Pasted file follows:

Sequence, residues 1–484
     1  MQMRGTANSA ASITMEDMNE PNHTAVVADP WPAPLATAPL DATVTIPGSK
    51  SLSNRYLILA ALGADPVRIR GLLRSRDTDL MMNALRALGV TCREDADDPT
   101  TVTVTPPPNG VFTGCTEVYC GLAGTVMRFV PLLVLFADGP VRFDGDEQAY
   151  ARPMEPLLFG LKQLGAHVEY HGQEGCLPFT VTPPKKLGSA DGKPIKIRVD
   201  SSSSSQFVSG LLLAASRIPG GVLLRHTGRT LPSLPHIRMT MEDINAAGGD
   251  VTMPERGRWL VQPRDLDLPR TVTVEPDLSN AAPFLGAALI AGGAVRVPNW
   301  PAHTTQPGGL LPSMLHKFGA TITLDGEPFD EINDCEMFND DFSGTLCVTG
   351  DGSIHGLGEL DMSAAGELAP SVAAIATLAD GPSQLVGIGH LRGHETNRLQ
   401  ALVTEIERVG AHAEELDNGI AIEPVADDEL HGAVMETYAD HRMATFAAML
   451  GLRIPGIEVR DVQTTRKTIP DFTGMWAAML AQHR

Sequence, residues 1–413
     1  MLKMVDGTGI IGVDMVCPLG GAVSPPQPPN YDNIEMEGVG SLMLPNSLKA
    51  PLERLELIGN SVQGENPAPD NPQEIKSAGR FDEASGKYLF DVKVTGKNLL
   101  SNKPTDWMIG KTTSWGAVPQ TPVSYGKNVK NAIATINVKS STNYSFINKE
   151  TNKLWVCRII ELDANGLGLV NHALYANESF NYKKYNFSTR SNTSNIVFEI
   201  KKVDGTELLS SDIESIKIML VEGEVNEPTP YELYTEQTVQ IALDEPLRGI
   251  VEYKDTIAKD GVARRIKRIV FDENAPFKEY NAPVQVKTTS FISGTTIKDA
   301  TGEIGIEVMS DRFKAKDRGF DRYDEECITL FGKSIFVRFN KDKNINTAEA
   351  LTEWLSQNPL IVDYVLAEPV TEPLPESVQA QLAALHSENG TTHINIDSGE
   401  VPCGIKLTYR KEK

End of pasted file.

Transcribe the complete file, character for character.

Sequence, residues 1–484
     1  MQMRGTANSA ASITMEDMNE PNHTAVVADP WPAPLATAPL DATVTIPGSK
    51  SLSNRYLILA ALGADPVRIR GLLRSRDTDL MMNALRALGV TCREDADDPT
   101  TVTVTPPPNG VFTGCTEVYC GLAGTVMRFV PLLVLFADGP VRFDGDEQAY
   151  ARPMEPLLFG LKQLGAHVEY HGQEGCLPFT VTPPKKLGSA DGKPIKIRVD
   201  SSSSSQFVSG LLLAASRIPG GVLLRHTGRT LPSLPHIRMT MEDINAAGGD
   251  VTMPERGRWL VQPRDLDLPR TVTVEPDLSN AAPFLGAALI AGGAVRVPNW
   301  PAHTTQPGGL LPSMLHKFGA TITLDGEPFD EINDCEMFND DFSGTLCVTG
   351  DGSIHGLGEL DMSAAGELAP SVAAIATLAD GPSQLVGIGH LRGHETNRLQ
   401  ALVTEIERVG AHAEELDNGI AIEPVADDEL HGAVMETYAD HRMATFAAML
   451  GLRIPGIEVR DVQTTRKTIP DFTGMWAAML AQHR

Sequence, residues 1–413
     1  MLKMVDGTGI IGVDMVCPLG GAVSPPQPPN YDNIEMEGVG SLMLPNSLKA
    51  PLERLELIGN SVQGENPAPD NPQEIKSAGR FDEASGKYLF DVKVTGKNLL
   101  SNKPTDWMIG KTTSWGAVPQ TPVSYGKNVK NAIATINVKS STNYSFINKE
   151  TNKLWVCRII ELDANGLGLV NHALYANESF NYKKYNFSTR SNTSNIVFEI
   201  KKVDGTELLS SDIESIKIML VEGEVNEPTP YELYTEQTVQ IALDEPLRGI
   251  VEYKDTIAKD GVARRIKRIV FDENAPFKEY NAPVQVKTTS FISGTTIKDA
   301  TGEIGIEVMS DRFKAKDRGF DRYDEECITL FGKSIFVRFN KDKNINTAEA
   351  LTEWLSQNPL IVDYVLAEPV TEPLPESVQA QLAALHSENG TTHINIDSGE
   401  VPCGIKLTYR KEK